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Light straw with notes of green around the rim. On the nose, tropical but intensely maritime, with pineapple and passion fruit interwoven with seaweed, wet stone and sea spray. Salty and intensely mineral driven on the palate, with a surprising depth of fruit that is balanced by the minerality and focused acidity through the middle.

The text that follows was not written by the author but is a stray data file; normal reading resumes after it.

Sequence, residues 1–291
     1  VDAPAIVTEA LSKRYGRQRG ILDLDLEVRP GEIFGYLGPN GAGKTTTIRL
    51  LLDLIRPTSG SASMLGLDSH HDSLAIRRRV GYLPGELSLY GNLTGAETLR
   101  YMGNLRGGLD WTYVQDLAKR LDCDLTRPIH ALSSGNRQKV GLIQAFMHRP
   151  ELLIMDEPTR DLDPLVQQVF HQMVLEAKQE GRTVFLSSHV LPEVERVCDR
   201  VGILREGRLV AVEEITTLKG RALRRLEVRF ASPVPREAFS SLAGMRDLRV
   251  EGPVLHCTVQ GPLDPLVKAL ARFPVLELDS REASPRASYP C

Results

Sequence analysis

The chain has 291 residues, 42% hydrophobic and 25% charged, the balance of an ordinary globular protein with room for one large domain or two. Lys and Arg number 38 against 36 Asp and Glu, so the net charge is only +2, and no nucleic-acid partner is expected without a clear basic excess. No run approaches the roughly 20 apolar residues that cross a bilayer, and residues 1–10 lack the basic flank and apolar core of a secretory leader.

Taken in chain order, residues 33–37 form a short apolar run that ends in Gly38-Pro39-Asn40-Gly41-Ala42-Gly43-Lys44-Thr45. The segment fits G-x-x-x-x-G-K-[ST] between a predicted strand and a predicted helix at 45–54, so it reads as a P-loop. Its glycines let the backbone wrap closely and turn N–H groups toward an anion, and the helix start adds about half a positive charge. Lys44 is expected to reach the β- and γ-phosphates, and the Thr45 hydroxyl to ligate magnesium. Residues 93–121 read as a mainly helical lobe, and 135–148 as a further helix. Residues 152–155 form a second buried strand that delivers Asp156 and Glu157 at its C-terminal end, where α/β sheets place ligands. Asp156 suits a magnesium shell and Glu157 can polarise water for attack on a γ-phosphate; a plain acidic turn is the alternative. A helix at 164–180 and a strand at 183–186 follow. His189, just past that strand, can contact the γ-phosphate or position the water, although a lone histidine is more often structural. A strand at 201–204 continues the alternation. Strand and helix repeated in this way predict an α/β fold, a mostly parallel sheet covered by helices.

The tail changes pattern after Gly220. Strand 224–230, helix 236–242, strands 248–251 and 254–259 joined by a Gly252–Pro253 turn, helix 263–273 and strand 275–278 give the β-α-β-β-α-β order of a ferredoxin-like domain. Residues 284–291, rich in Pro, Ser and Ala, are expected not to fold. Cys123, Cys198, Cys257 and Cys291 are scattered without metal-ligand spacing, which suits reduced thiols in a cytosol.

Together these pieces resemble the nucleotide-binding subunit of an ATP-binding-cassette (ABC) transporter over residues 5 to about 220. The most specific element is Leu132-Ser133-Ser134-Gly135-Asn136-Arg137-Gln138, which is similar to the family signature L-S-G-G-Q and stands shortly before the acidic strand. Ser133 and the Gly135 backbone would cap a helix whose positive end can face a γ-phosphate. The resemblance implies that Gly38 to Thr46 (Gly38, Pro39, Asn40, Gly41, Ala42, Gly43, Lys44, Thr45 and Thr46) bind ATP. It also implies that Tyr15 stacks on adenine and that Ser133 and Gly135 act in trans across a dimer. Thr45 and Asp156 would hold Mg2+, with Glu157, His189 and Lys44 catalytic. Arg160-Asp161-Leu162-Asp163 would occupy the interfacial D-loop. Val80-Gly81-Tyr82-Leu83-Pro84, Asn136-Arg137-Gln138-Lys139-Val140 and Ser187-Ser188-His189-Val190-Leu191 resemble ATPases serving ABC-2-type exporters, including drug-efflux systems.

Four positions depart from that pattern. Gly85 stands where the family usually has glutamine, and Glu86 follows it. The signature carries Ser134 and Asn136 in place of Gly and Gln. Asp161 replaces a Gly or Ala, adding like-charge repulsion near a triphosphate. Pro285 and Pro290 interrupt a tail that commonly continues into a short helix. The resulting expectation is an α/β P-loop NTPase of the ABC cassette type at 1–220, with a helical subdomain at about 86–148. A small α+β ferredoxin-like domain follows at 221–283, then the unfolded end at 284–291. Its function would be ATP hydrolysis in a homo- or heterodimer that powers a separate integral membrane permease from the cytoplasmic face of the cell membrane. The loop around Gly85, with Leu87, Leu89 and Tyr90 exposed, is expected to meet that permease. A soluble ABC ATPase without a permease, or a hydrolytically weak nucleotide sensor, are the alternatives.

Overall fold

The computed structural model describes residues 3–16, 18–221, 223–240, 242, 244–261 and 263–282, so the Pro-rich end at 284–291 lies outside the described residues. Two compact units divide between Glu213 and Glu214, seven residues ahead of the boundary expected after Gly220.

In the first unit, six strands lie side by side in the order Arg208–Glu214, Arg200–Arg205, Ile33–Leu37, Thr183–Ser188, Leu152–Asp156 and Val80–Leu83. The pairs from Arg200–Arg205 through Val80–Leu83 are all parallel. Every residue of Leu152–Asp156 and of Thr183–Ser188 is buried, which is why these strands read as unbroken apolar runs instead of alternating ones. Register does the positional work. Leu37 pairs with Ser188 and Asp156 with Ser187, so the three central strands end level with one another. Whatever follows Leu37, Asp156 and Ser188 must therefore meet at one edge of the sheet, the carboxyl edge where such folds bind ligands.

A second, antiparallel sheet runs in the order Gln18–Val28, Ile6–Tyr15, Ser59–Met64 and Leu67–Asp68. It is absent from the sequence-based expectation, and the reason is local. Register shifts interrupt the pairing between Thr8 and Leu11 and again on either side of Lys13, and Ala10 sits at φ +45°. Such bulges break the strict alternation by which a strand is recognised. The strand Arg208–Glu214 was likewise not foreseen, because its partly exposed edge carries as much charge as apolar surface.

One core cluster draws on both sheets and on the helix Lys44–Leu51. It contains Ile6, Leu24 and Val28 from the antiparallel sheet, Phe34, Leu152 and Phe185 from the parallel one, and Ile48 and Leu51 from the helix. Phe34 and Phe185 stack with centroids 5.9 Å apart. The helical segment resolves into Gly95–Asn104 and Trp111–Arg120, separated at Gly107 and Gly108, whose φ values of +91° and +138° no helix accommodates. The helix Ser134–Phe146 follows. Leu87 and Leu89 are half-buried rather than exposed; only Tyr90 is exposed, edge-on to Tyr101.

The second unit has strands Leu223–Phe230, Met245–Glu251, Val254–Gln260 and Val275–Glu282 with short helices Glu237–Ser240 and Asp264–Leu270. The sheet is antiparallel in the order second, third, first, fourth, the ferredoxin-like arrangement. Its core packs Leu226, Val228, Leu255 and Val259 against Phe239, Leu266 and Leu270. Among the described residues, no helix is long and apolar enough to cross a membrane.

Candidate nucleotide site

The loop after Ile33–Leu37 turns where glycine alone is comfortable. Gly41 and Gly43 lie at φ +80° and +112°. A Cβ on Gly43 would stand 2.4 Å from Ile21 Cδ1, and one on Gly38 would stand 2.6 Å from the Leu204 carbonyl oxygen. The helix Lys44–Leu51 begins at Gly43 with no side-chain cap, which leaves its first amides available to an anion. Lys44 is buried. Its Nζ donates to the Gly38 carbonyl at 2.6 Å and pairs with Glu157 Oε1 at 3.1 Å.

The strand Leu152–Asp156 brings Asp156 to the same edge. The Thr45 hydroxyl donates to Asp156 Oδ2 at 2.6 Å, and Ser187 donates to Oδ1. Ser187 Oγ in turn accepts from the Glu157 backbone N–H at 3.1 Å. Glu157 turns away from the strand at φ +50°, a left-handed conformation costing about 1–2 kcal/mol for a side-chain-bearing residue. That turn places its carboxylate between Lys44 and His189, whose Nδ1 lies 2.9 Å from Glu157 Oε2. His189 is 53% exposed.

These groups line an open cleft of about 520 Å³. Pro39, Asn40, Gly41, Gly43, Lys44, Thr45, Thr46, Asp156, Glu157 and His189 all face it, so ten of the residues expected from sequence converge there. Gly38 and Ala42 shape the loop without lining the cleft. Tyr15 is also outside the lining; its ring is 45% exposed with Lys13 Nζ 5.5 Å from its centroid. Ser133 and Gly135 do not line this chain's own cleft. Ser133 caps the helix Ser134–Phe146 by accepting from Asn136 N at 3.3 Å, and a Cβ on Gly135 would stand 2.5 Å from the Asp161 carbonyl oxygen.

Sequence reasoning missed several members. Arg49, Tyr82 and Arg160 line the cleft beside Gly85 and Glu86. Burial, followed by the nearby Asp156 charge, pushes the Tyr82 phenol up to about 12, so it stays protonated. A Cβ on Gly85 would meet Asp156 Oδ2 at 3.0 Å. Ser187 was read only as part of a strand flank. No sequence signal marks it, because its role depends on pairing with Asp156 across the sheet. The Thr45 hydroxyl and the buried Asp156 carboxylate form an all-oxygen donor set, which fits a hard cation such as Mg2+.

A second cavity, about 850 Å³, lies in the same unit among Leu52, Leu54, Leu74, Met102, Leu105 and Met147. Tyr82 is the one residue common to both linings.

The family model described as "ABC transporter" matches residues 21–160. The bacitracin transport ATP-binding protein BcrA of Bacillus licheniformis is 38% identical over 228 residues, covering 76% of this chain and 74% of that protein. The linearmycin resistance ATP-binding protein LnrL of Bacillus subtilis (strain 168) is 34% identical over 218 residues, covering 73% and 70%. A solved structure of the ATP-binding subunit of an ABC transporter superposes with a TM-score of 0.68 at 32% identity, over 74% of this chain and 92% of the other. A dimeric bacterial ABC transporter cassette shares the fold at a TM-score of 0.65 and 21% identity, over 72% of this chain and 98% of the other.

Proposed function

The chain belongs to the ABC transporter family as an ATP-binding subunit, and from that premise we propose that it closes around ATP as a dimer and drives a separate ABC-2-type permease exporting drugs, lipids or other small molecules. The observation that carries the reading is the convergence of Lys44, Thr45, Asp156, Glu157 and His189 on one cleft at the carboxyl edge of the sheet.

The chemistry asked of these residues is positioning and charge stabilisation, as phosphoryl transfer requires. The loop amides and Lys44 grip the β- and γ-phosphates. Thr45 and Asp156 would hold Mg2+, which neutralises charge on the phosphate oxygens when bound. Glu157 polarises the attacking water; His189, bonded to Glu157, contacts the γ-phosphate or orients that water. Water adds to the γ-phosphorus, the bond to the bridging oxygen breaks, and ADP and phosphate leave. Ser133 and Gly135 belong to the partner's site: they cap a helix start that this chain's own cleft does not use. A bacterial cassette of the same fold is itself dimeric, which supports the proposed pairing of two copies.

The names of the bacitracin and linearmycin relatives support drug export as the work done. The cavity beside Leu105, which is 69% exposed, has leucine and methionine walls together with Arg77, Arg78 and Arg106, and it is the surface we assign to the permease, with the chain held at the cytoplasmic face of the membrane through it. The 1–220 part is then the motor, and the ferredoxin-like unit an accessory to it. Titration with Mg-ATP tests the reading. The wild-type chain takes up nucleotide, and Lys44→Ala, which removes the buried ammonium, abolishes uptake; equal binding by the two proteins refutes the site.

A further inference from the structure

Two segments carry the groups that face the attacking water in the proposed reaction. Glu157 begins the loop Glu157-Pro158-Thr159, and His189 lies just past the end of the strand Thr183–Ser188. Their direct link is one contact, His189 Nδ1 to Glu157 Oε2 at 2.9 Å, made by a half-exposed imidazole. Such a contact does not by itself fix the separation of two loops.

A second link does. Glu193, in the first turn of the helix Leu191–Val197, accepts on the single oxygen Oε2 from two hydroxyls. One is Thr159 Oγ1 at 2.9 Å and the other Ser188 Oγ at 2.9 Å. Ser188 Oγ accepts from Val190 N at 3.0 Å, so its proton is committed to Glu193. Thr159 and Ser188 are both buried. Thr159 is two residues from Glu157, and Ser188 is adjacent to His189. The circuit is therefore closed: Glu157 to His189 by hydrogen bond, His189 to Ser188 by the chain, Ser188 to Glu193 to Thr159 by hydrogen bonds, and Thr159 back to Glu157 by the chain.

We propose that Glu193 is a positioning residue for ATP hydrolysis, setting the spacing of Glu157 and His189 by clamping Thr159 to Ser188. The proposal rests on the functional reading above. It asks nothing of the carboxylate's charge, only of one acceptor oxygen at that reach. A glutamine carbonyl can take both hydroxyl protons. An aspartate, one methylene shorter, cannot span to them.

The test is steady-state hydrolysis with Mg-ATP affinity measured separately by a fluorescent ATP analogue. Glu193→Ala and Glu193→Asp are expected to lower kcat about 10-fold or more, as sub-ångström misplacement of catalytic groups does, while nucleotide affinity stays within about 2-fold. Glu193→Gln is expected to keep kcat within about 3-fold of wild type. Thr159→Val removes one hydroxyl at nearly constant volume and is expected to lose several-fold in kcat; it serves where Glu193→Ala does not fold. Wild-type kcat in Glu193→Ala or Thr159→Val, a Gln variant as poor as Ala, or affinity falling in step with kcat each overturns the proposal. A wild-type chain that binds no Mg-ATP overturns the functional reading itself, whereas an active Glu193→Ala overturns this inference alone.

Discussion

The Portuguese archipelago of the Azores is home to a winemaking tradition that dates back to its colonization in the 15th century, wherein viticulture was introduced by Franciscan friars. This group of islands is home to a singular terroir and microclimate, one that draws close comparison to the island of Santorini. Like Santorini, the Azores are volcanic islands comprised entirely of black basalt. Pico, the main wine producing island where these vineyards are located, has such poor soil that the vineyard needs to be supplemented with soil from neighboring islands to support vine growth, and even with that, the yields are a fraction of what they are in the rest of the DOC. Additionally, the vineyards are grown in tiny plots (2-6 bush trained vines per square) protected on all sides by small walls called “currais” to ward off the strong winds that blow in from the nearby beaches. Antonio Maçanita, whose heritage is directly tied to the Azores, has been a force of rejuvenation and rediscovery in these islands. Thanks to his efforts, this UNESCO heritage site is being re-established as a prestige wine-growing region in Europe. With the Vulcanico line of wines, Antonio seeks to emphasize the soil and terroir of the Azores over the varietals themselves. The Branco, Tinto and Rosé are all blends of indigenous varieties, made with minimal intervention to fully evoke the salt, wind and volcanic character of this wind-swept landscape.click here for more information.